Dancers with non-specific low back pain have less lumbar movement smoothness than healthy dancers

Chai Wei Lin, Yi Ting Fang, Jeng Feng Yang, Bih Jen Hsue, Cheng Feng Lin

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1 Citation (Scopus)


Background: Ballet is a highly technical and physically demanding dance form involving extensive end-range lumbar movements and emphasizing movement smoothness and gracefulness. A high prevalence of non-specific low back pain (LBP) is found in ballet dancers, which may lead to poor controlled movement and possible pain occurrence and reoccurrence. The power spectral entropy of time-series acceleration is a useful indicator of random uncertainty information, and a lower value indicates a greater smoothness or regularity. The current study thus applied a power spectral entropy method to analyze the movement smoothness in lumbar flexion and extension in healthy dancers and dancers with LBP, respectively. Method: A total of 40 female ballet dancers (23 in the LBP group and 17 in the control group) were recruited in the study. Repetitive end-range lumbar flexion and extension tasks were performed and the kinematic data were collected using a motion capture system. The power spectral entropy of the time-series acceleration of the lumbar movements was calculated in the anterior–posterior (AP), medial–lateral (ML), vertical (VT), and three-directional (3D) vectors. The entropy data were then used to conduct receiver operating characteristic curve analyses to evaluate the overall distinguishing performance and thus cutoff value, sensitivity, specificity, and area under the curve (AUC) were calculated. Results: The power spectral entropy was significantly higher in the LBP group than the control group in the 3D vector in both lumbar flexion and lumber extension (flexion: p = 0.005; extension: p < 0.001). In lumbar extension, the AUC in the 3D vector was 0.807. In other words, the entropy provides an 80.7% probability of distinguishing between the two groups (i.e., LBP and control) correctly. The optimal cutoff entropy value was 0.5806 and yielded a sensitivity of 75% and specificity of 73.3%. In lumbar flexion, the AUC in the 3D vector was 0.777, and hence the entropy provided a probability of 77.7% of distinguishing between the two groups correctly. The optimal cutoff value was 0.5649 and yielded a sensitivity of 90% and a specificity of 73.3%. Conclusions: The LBP group showed significantly lower lumbar movement smoothness than the control group. The lumbar movement smoothness in the 3D vector had a high AUC and thus provided a high differentiating capacity between the two groups. It may therefore be potentially applied in clinical contexts to screen dancers with a high risk of LBP.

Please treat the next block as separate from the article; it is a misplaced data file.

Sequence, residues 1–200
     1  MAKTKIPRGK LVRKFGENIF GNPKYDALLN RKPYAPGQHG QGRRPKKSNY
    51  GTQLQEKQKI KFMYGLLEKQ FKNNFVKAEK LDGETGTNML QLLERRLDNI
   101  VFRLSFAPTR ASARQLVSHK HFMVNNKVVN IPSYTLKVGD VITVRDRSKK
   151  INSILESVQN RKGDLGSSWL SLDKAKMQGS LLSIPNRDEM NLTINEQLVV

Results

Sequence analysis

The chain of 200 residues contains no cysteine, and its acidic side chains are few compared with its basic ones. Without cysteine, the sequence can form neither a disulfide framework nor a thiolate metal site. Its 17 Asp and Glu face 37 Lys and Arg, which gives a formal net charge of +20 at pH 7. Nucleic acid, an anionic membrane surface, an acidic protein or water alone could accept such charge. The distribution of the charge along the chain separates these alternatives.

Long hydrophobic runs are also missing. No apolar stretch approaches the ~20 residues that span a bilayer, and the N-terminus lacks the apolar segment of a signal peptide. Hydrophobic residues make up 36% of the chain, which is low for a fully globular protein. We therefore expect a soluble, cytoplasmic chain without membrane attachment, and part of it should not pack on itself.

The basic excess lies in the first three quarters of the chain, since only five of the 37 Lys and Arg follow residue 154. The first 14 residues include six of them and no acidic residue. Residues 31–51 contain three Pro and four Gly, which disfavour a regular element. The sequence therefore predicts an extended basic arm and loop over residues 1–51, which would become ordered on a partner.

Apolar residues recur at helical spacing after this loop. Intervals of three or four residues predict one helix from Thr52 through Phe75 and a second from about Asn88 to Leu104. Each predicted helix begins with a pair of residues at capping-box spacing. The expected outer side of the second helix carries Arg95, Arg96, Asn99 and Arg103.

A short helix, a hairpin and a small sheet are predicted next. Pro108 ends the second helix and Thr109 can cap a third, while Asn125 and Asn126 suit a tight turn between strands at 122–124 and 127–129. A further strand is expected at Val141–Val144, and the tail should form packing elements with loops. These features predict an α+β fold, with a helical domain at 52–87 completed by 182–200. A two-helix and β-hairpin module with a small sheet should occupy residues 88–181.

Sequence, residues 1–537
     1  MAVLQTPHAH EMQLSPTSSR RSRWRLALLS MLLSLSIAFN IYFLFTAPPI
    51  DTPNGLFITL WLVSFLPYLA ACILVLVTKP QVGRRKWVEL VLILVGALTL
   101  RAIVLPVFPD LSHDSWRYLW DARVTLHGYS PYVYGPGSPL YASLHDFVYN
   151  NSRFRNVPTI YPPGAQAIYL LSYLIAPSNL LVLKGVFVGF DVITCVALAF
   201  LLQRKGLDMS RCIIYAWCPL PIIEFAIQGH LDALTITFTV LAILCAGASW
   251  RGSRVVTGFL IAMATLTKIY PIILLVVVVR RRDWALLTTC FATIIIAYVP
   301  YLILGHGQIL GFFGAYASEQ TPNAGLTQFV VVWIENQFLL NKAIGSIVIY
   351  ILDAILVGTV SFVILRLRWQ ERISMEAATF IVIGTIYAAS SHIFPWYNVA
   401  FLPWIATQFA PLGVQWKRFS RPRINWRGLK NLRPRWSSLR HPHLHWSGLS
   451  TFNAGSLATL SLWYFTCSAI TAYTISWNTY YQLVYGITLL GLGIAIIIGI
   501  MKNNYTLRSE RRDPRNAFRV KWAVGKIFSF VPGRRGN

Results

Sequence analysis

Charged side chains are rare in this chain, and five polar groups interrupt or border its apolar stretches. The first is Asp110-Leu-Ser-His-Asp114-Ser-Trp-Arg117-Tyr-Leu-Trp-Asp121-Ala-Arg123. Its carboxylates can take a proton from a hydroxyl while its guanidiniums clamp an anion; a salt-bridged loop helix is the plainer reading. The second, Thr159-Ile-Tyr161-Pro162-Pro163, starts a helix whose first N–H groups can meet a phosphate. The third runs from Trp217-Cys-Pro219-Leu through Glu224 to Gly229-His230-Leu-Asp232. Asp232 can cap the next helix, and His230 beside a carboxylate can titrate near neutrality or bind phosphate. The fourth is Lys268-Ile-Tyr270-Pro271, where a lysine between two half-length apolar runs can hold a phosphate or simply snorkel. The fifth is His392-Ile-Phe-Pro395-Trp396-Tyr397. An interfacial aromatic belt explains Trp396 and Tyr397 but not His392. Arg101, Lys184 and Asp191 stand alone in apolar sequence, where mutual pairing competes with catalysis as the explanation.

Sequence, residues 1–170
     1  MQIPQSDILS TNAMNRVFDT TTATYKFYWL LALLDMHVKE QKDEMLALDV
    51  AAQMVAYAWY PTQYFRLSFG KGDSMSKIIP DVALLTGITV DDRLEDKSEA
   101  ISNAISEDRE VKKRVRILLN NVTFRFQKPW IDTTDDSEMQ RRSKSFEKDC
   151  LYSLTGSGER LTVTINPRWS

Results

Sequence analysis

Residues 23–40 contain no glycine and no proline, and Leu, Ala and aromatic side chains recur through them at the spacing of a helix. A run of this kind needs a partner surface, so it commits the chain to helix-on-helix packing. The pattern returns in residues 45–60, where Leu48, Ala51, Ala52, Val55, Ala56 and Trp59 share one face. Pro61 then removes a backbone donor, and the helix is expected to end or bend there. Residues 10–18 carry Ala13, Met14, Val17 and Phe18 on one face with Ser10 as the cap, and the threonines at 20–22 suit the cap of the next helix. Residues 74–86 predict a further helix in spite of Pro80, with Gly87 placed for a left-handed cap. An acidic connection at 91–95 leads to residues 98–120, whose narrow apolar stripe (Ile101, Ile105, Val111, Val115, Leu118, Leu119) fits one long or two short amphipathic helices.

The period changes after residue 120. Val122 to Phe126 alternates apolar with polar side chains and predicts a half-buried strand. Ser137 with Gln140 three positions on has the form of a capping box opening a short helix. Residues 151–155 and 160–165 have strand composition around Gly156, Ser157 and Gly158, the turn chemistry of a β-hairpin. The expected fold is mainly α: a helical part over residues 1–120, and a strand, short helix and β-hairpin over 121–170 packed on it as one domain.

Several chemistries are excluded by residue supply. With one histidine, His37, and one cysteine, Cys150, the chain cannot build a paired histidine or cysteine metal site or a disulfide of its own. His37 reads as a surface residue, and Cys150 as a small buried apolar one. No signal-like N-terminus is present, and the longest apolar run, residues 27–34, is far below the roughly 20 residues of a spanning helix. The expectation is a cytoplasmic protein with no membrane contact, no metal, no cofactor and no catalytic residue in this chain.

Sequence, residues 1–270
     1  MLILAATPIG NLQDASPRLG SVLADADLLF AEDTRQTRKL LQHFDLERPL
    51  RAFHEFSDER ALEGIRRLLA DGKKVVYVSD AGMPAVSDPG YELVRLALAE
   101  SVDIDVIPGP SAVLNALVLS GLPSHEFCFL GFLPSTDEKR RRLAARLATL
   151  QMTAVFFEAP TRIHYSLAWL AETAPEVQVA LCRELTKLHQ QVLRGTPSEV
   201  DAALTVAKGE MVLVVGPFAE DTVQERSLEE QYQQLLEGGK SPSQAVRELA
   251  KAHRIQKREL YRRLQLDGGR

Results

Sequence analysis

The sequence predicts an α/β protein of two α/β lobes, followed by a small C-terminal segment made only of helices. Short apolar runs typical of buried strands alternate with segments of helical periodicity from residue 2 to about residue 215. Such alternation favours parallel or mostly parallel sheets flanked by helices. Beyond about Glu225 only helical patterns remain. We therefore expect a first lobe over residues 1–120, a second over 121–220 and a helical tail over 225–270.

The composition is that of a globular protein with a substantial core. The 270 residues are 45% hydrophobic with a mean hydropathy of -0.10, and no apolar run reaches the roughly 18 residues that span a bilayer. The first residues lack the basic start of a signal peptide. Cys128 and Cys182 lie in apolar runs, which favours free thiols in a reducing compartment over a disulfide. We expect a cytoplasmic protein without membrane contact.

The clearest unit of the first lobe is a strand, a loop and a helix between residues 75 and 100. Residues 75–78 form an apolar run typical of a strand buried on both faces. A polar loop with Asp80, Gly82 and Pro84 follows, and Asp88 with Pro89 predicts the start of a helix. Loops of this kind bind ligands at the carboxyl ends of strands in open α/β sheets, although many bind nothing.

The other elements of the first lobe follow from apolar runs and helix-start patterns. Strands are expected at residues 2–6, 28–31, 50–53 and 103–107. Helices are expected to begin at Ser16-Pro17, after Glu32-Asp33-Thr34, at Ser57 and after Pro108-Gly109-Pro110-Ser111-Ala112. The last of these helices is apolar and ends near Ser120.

Original languageEnglish
Article number39
JournalBiomedical engineering online
Issue number1
Publication statusPublished - 2023 Dec

All Science Journal Classification (ASJC) codes

  • Radiological and Ultrasound Technology
  • Biomaterials
  • Biomedical Engineering
  • Radiology Nuclear Medicine and imaging


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